Financial Restructuring

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  • As matters stand, we do not foresee that Brexit will lead to significant changes in the U.K.’s restructuring and insolvency landscape. The most significant impact is likely to flow from the disapplication of the Council Regulation (EC) 1346/2000 on insolvency proceedings (the “Insolvency Regulation”) and the Regulation (EU) 1215/2012 of the European Parliament and of the Council of 12 December 2012 on jurisdiction and the recognition and enforcement of judgments in civil and commercial matters (the “Judgments Regulation”). As explained below, it is very possible that the recognition within the EU of U.K. insolvency proceedings and U.K. schemes of arrangement—and therefore the feasibility of using those processes in respect of companies incorporated in other EU member states—may become harder to establish as a result.
  • The Insolvency Regulation provides EU-wide recognition for insolvency proceedings. It requires the courts of the EU member states (other than Denmark) to recognize insolvency proceedings that are opened in respect of a company in the member state where it has its center of main interests. A number of companies have elected in recent years to move their center of main interests to the United Kingdom to take advantage of the U.K.’s flexible and well-established insolvency proceedings. Unless alternative arrangements are put in place, the Insolvency Regulation will no longer apply to the U.K. when it leaves the EU. As a result, the EU-wide automatic recognition currently provided to U.K. insolvency proceedings would cease to apply. Likewise, the automatic recognition afforded by the U.K. courts to insolvency proceedings opened in another member state would no longer be available.
  • The UNCITRAL Model Law on Insolvency does provide cross-border recognition of insolvency proceedings in a number of countries. However, it has, to date, been implemented in only five EU member states (U.K., Greece, Poland, Romania and Slovenia). The U.K. will want to establish bilateral recognition agreements with each of the other EU member states in the absence of some agreement to extend the Insolvency Regulation to the United Kingdom after it leaves the EU. Putting multiple bilateral arrangements in place is likely to take some time and may result in a complex and variable recognition process.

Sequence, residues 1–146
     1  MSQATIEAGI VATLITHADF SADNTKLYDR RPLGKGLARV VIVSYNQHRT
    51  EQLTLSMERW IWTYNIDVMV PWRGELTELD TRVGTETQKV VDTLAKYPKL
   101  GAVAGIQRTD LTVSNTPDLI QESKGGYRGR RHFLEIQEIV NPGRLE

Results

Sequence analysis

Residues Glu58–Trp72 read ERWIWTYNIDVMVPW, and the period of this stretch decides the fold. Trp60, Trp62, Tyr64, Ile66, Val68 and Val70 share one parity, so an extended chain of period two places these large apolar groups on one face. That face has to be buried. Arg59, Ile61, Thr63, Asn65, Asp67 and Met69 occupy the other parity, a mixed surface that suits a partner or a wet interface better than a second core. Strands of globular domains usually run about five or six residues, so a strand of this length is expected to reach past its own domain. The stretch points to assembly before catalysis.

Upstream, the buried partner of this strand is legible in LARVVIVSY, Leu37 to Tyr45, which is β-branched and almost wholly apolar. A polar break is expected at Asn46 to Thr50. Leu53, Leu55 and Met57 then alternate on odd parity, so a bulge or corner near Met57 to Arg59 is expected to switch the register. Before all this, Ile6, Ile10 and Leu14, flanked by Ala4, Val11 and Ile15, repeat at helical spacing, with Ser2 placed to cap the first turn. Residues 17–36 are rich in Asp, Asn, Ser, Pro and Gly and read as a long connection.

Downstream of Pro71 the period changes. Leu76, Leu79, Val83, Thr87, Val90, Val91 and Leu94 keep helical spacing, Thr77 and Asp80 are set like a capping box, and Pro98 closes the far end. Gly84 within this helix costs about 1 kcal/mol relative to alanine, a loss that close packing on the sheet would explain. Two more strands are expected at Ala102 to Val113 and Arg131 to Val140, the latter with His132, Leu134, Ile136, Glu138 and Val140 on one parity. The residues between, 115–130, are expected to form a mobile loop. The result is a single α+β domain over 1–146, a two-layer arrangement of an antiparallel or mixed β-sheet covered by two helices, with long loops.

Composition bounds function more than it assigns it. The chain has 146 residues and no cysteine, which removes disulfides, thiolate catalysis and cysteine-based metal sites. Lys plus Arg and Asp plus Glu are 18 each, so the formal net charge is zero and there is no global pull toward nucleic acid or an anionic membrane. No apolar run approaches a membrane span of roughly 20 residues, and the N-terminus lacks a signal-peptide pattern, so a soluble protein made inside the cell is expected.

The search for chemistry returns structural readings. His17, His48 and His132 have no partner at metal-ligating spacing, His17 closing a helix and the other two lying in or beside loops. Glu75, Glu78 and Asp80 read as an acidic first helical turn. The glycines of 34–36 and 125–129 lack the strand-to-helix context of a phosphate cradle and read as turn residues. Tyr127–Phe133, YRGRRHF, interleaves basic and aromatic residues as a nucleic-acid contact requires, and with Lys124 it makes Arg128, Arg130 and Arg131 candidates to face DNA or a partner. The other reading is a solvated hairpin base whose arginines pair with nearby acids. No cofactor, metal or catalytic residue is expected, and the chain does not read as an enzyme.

• U.K. schemes of arrangement have also been used in recent years to restructure the financial indebtedness of a significant number of companies incorporated in other EU member states. In sanctioning such a scheme, the English courts need to be satisfied that it will be recognized in the jurisdiction of incorporation of the companies whose liabilities are subject to the scheme. In determining whether such recognition will be available, reliance is often placed on the Judgments Regulation. When the U.K. leaves the EU, the Judgments Regulation will cease to apply to it. The English courts will then need to be satisfied that the scheme will be recognized in the other relevant EU jurisdictions on the basis of private international law, which may be much more difficult to establish. This change may lead to the cram-down processes of other EU member states being used in a greater number of cross-border restructurings.
  • The European Commission is in the process of considering proposals to harmonize some aspects of the various insolvency laws in the EU member states. If introduced, those harmonization rules will not apply to the U.K. after it leaves the EU.

Contact Information

If you have any questions regarding this content, please contact the Akin Gump lawyer with whom you usually work or

James Roome
james.roome@akingump.com
+44 20.7661.5317
London

Barry G. Russell
barry.russell@akingump.com
+44 20.7661.5316
London

Emma Simmonds
emma.simmonds@akingump.com
+44 20.7661.5420
London

 

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